A term that describes vigorous questioning, usually by the police of a suspect in custody. Other than providing his name and address, the suspect is not obligated to answer the questions, and the fact that he has remained silent generally cannot be used by the prosecution to help prove that he is guilty of a crime. If the suspect has asked for a lawyer, the police must cease questioning. If they do not, they cannot use the answers against the suspect at trial.

MCNAGHTEN RULE

The earliest and most common test for criminal insanity, in which a criminal defendant is judged legally insane only if he could not distinguish right from wron... (more...)
The earliest and most common test for criminal insanity, in which a criminal defendant is judged legally insane only if he could not distinguish right from wrong at the time he committed the crime. For example, a delusional psychotic who believed that his assaultive acts were in response to the will of God would not be criminally responsible for his acts.

ACTUS REUS

Latin for a 'guilty act.' The actus reus is the act which, in combination with a certain mental state, such as intent or recklessness, constitutes a crime. For ... (more...)
Latin for a 'guilty act.' The actus reus is the act which, in combination with a certain mental state, such as intent or recklessness, constitutes a crime. For example, the crime of theft requires physically taking something (the actus reus) coupled with the intent to permanently deprive the owner of the object (the mental state, or mens rea).

GREEN CARD

The well-known term for an Alien Registration Receipt Card. This plastic photo identification card is given to individuals who are legal permanent residents of ... (more...)
The well-known term for an Alien Registration Receipt Card. This plastic photo identification card is given to individuals who are legal permanent residents of the United States. It serves as a U.S. entry document in place of a visa, enabling permanent residents to return to the United States after temporary absences. The key characteristic of a green card is that it allows the holder to live permanently in the United States. Unless you abandon your residence or violate certain criminal or immigration laws, your green card can never be taken away. Possession of a green card also allows you to work in the United States legally. Those who hold green cards for a certain length of time may eventually apply for U.S. citizenship. Green cards have an expiration date of ten years from issuance. This does not mean that your permanent resident status expires. You must simply apply for a new card.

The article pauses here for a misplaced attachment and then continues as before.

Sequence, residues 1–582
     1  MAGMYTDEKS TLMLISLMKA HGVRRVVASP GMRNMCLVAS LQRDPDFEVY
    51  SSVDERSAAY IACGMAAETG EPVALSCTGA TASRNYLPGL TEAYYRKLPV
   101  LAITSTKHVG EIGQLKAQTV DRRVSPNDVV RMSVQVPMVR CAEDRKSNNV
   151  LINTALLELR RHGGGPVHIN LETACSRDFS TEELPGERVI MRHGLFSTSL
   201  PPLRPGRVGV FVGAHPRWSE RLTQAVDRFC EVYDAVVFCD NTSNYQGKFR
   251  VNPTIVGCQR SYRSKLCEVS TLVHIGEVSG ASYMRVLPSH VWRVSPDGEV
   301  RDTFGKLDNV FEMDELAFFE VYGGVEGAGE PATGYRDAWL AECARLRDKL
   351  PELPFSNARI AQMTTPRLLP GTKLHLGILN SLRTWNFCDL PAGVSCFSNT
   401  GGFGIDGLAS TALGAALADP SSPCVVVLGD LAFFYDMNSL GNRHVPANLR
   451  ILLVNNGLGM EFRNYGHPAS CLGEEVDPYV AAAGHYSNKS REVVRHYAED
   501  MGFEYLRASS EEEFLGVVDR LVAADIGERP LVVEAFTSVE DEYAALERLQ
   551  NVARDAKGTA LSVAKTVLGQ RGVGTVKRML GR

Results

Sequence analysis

SENTENCE

Punishment in a criminal case. A sentence can range from a fine and community service to life imprisonment or death. For most crimes, the sentence is chosen by ... (more...)
Punishment in a criminal case. A sentence can range from a fine and community service to life imprisonment or death. For most crimes, the sentence is chosen by the trial judge; the jury chooses the sentence only in a capital case, when it must choose between life in prison without parole and death.

SAMPLE LEGAL CASES

State v. Kruse

184 P.3d 1182 (2008). 220 Or. App. 38. STATE of Oregon, Plaintiff-Respondent, v. Jay Lynn KRUSE, Defendant-Appellant. D055973M, D060612T, A132038 (Control), A132039. Court of Appeals of Oregon. Submitted January 4, 2008. Decided May 14, 2008. ...

State v. Machuca

227 P.3d 729 (2010). 347 Or. 644. STATE of Oregon, Petitioner on Review, v. Thomas Gregory MACHUCA, Respondent on Review. (CC 050647097; CA A133362; SC S057910). Supreme Court of Oregon, En Banc. Argued and Submitted December 16, 2009. ...

Prior v. Department of Revenue

... [2]. In her Complaint, Plaintiff asserts that the Department is in error in withholding the tax refund to pay for her "husband's DUI[,] [because] I have be[en] separated from him for 6 y[ea]rs and have nothing to do with his affairs or finances." [3] (Ptf's Compl at 1, Sec. ...